Obscene
The Inhabitable Dark

I’m not really sure how I missed the release of The Inhabitable Dark, the debut full-length album from Obscene, Indiana’s purveyors of acidic old-school death metal, but I’ll be damned if I didn’t do just that.

In fact, it was actually my recent review of the 4 Doors to Death II split that made me aware of the band at all, as Obscene‘s vocalist, Kyle Shaw, lent his wildly torturous and pained vocal talents to a few tracks for Fetid Zombie‘s inclusion on said split. The man’s take of Martin Van Drunen (Pestilence/Asphyx/ Hail of Bullets) mixed with Chris Reifert (Autopsy) and  cranked to eleven, is for most, a love ’em or hate ’em type of  thing. Personally, I love ’em. The distressed and wounded howls Shaw emits are poignantly bloodcurdling as well as being seemingly capable of inducing a violent madness, much like nails being scraped on a chalkboard has the ability to do. While it doesn’t really sound very appealing, I can assure you that it works quite well, especially when paired with the late ’80’s/early ’90’s thrashing death metal mixture of the Netherlands and the good ol’ U. S. of A.

Ripping out of the gates from the get go, album opener, “Without Honor and Humanity” wastes zero time in getting down to whooping a little ass. Like a deadly combination of Possessed, Sadus, Obituary, and Asphyx, the track manages to do quite a bit of damage in under three minutes. Hell, they even throw in a classic screamin’ eagle divebomb; you know what I’m talking about, the soaring note bend that the likes of Kerry King, Rick Rozz, and Allen West like to begin and end their solos with, and a lot of the time would consider it a solo unto itself.

Much of the album’s seven remaining tracks play out in a similar fashion, as the band expertly weaves juxtaposing riffage of tremolo picking and slower engorged chords of crushing death, à la Asphyx or Hail of Bullets, or even Bolt Thrower, with a somewhat jaunty or thrashiness. While every track on The Inhabitable Dark stands shoulder to shoulder with one another in an extremely enjoyable presentation, it’s “Black Hole of Calcutta” and album closer and title track, “The Inhabitable Dark” that standout for me the most; probably because it is on these two songs that Obscene focus a bit more on the midpaced and slower moments than on any other of the album’s tracks.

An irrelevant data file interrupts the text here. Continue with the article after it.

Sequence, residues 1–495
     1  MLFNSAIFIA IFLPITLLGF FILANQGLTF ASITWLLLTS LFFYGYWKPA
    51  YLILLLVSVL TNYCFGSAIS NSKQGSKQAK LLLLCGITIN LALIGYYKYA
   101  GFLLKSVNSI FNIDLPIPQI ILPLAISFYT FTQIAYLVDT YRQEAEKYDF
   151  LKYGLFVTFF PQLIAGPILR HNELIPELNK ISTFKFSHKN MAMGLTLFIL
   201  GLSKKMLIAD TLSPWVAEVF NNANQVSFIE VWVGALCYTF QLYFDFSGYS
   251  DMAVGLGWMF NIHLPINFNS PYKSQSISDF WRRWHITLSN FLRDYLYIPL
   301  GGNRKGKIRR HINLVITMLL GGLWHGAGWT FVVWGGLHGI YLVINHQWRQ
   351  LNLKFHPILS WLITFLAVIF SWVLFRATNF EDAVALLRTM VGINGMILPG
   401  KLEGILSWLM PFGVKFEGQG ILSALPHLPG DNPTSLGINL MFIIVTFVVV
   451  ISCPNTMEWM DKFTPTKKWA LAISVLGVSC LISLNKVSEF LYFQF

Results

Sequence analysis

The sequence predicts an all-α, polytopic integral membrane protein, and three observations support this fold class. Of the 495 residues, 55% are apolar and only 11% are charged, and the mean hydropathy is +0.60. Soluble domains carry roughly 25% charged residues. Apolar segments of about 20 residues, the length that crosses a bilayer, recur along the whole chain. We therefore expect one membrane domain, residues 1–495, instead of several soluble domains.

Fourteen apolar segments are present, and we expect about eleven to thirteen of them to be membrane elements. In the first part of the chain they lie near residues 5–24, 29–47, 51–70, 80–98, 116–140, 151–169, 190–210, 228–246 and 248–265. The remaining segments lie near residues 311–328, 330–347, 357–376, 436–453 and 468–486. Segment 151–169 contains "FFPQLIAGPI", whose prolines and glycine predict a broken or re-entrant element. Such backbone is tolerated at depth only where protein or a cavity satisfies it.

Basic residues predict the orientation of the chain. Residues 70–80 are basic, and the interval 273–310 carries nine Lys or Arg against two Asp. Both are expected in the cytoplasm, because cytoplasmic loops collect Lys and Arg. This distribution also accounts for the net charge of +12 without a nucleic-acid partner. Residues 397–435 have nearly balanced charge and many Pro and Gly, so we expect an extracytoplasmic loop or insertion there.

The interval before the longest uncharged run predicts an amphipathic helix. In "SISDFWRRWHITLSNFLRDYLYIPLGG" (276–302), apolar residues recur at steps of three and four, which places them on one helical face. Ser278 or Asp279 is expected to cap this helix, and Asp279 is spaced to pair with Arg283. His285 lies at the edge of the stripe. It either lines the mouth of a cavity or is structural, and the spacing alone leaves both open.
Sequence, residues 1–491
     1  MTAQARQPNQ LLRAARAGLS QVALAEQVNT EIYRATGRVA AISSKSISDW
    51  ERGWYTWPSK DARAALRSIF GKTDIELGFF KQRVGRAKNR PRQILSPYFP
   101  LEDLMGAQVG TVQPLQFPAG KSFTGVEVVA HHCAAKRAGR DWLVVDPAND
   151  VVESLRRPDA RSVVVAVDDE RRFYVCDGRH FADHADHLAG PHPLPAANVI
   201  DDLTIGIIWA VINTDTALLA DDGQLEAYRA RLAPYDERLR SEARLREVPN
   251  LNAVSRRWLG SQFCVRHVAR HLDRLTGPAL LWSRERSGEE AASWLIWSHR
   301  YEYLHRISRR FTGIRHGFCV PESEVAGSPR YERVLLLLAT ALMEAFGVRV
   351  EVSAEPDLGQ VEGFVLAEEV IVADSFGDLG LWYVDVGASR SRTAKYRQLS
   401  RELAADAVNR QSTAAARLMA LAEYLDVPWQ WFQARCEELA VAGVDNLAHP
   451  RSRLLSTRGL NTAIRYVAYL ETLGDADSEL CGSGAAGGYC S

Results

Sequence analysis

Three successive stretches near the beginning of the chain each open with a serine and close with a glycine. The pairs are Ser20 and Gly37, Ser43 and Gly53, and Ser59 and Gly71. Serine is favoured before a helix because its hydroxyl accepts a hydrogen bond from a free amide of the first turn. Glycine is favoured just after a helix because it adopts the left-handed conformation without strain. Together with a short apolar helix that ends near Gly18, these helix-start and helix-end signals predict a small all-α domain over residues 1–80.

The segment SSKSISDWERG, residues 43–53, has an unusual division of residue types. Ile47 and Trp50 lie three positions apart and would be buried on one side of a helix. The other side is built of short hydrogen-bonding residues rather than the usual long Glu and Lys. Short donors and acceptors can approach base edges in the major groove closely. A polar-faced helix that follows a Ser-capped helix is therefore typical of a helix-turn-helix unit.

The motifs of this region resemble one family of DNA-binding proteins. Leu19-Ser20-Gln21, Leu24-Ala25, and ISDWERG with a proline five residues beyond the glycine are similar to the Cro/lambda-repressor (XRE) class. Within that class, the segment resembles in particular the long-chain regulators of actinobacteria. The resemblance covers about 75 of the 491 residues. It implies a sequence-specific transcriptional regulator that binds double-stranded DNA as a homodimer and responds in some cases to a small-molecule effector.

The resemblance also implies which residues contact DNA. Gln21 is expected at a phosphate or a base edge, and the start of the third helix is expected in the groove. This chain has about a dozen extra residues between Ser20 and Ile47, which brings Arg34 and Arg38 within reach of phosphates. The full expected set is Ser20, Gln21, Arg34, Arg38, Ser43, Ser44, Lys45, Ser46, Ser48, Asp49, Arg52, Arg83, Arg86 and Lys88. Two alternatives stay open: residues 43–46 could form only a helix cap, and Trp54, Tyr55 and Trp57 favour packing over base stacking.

It’s in these moments that the band really stands out and focuses on driving that heavy metal spike of riffage into your cranium in a most effective way. The former hitting like a Hail of Bullets styled panzer, rolling over and flattening your already bruised, battered, and bloody wartorn body, while the latter, and my favorite track of the album, is a spectacularly  solid crushing dirge of doom riddled death metal. A bit more ominous and moody in its slower main riffage, the song really is propelled by the ever driving and pummeling kick drums as much as the actual guitar riffs themselves. The track’s ending quickly morphs and fades into a simple, yet highly effective, piano outro that simultaneously, manages to be creepy and foreboding, as well as retaining just a hair of an attractive melody.

There’s no doubt that The Inhabitable Dark is quite the ripper. Granted, it does all start to bleed into itself by the album’s end, but at being just shy of thirty-three minutes in length, it doesn’t really factor into anything negative for the band or album.

While I’ve thrown around the names of Asphyx and Hail of Bullets a couple of times in this review, it is really in the sounds of Trenchrot and their sole full-length album, Necronomic Warfare, that Obscene reminds me the most of and tends to conjure up throughout the enitirety of The Inhabitable Dark. Of course to be fair and honest, it was Trenchrot who in turn was like a rawer little brother to the aformentioned Asphyx/Hail of Bullets/Bolt Thrower sound, and with three out of those four bands having split-up and called it quits, Obscene manages to find themselves in a most perfect spot to appeal and claim many of those band’s fans as their own. I know that they have got me on board, and I immensely look forward to seeing where the group goes from here.

[Visit the band's website]
Written by Kristofor Allred
September 3rd, 2020

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